HAMPTON -- The battle of who would survive its mistakes lasted for a half.
The first two quarters featured botched punt snaps, a muffed punt that ended up setting that team back 17 yards, two bobbled shotgun snaps that lost 27 yards and some shanked punts.
Lovejoy, as it turned out, was the one to survive that half of mistakes, converting a late first-half interception into a momentum-snagging touchdown, and staying sharper in the second half en route to a 21-6 win Friday night over Warner Robins in a GHSA Class AAAA semifinal game at Twelve Oaks Stadium.
Warner Robins ended the season at 11-3 while Lovejoy improved to 14-0 as it moves on to the state championship game.
“We didn’t play real well against Bainbridge, we came back and won it at the end,” Warner Robins head coach Bryan Way said. “We didn’t play real well against Lakeside, and came back and won. These guys were just too good.”
The Demons had their chances in the first half to take control but couldn’t and paid the price. Two holding penalties near the end zone were huge, as was a fumble in Lovejoy territory.
“We had like three opportunities in the red zone,” Warner Robins running back Brian Sutton said. “We just couldn’t get it done. I don’t know how to explain it.”
Warner Robins’ offense was banged up, especially in the backfield. The Demons were without Stephon Cross, who was hurt late in last week’s win at East Paulding. Sutton continued to play with an injured hamstring, and he missed time in the game, as did DeAnthony Mack.
The Wildcats did give up 83 yards to Sutton, but quarterback Ty Odom struggled against one of the top defenses in the state, completing only four passes and throwing two interceptions.
Travis Custis had 134 yards rushing for Lovejoy, 109 coming in the second half.
Lovejoy had little offense to show for itself in the first half, yet held a 7-3 lead. The Wildcats made up for it in the second half, outgaining the Demons 199-75 in the second half and holding Warner Robins to a field goal.
“We punted the ball one time,” Way said. “You score six points, and you got one punt. We had turnovers, stopped ourselves, didn’t make a couple fourth downs.
“They had a lot to do with it.”
The Demons offense couldn’t get untracked against one of the top defenses in the state.
“They have a lot of speed, a lot of weapons,” Way said. “They put a bunch of guys up on the line of scrimmage. We would break some, and they would tackle us for four or five or six yard gains. We never could get open against their secondary.”
Warner Robins stalled on its first drive of the second half and settled for a field goal from Kyle Floyd to get within 7-6 with 7:55 left in the third.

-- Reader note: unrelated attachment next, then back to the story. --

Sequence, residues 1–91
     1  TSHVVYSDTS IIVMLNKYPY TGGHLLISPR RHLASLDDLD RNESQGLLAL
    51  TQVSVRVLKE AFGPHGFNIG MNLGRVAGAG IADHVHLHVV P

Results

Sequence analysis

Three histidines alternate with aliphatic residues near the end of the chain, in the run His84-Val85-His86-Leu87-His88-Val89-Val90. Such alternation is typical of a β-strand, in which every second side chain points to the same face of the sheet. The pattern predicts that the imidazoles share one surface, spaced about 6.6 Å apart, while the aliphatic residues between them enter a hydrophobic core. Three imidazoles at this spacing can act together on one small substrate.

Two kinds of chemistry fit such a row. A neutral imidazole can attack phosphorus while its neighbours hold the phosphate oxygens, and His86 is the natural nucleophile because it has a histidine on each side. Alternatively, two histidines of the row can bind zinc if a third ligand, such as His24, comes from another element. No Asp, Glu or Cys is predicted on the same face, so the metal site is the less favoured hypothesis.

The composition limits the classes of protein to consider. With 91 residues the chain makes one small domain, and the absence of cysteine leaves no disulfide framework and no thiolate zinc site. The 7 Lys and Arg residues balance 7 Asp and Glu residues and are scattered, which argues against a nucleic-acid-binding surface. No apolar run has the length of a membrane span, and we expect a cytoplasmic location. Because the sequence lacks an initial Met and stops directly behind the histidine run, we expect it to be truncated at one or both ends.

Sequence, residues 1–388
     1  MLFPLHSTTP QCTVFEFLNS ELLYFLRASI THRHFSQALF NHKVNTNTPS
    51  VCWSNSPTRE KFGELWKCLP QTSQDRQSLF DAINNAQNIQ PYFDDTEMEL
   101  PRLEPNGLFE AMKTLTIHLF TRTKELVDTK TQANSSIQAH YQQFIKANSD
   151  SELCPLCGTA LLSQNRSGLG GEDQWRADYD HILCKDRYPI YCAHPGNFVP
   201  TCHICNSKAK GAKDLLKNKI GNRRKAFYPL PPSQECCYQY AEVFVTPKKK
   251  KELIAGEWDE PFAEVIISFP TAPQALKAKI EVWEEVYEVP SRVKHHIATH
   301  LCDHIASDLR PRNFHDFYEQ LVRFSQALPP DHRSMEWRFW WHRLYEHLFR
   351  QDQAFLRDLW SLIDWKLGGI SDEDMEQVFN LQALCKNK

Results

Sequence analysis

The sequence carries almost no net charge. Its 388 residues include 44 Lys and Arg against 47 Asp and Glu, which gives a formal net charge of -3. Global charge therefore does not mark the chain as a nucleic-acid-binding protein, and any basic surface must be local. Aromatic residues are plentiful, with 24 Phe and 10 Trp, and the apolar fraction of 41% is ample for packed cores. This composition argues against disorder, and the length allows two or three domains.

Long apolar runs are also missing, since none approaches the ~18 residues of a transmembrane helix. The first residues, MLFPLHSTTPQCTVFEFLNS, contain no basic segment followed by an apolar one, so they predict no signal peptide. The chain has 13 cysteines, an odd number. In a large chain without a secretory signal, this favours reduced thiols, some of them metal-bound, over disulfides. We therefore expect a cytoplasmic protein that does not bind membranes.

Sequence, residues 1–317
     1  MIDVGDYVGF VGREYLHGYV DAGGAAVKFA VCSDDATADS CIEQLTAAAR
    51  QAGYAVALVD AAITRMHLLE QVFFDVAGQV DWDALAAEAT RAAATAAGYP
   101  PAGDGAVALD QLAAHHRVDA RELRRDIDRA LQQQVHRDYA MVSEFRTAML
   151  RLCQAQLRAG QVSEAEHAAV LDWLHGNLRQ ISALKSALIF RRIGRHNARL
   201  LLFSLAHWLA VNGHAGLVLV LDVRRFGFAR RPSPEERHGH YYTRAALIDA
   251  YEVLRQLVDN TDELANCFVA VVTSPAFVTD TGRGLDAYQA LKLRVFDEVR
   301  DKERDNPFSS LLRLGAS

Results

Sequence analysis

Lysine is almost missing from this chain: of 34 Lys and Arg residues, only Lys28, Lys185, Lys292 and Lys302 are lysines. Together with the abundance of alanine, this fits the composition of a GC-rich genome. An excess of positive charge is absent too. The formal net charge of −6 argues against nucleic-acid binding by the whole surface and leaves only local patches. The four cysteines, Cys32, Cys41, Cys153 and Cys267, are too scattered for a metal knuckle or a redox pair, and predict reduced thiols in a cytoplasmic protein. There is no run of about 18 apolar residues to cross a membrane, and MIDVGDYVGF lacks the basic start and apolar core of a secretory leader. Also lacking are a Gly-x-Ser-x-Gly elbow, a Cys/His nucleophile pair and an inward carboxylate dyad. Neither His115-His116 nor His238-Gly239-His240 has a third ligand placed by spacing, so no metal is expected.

The Demons were nearing midfield when Odom faded right and his ill-advised pass was picked off by Jermaine Hough at the Warner Robins’ 45. The Wildcats needed five plays to score on Alejandro Bennefield’s 4-yard pass to an open A.J. Jackson and go up 14-6 with 2:08 remaining in the third.
Warner Robins was then stopped on fourth-and-3 at the Lovejoy 23 a half-minute into the fourth quarter.
Custin picked up energy and the Demons’ defense lost energy. He gained 31 yards on four runs, breaking some tackles and running through some weaker tries, finally rolling in for a 27-yard score at the 6:39 mark, Jaime Nunez’ kick making it 21-6.
Warner Robins will spend the offseason bemoaning the lost opportunities of the first half, one in which the Demons made sure Lovejoy didn’t take advantage of anything Warner Robins did wrong, like two holding penalties inside the 10.
And the Demons couldn’t take advantage of the Wildcats mistakes, like two shotgun snaps that went awry.
Lovejoy had all of 32 yards in total offense after a half, and recorded eight negative plays out of 20 snaps. Yet the Wildcats held that 7-3 lead.
“We knew we should have been up in the game,” Sutton said. “That’s how we knew we should keep our composure.”
But it wasn’t quite enough as the first half seemed to haunt the Demons and sap them of some energy.
“It really does,” Sutton admitted. “It really, really does. By the time it came down to the defense on the field with eight minutes on the clock, they kept on driving and driving.
“They were just taking the will out of us, taking the will out of us. When the offense got back on, we were like, ‘keep on fighting, keep on fighting.’ And we did.”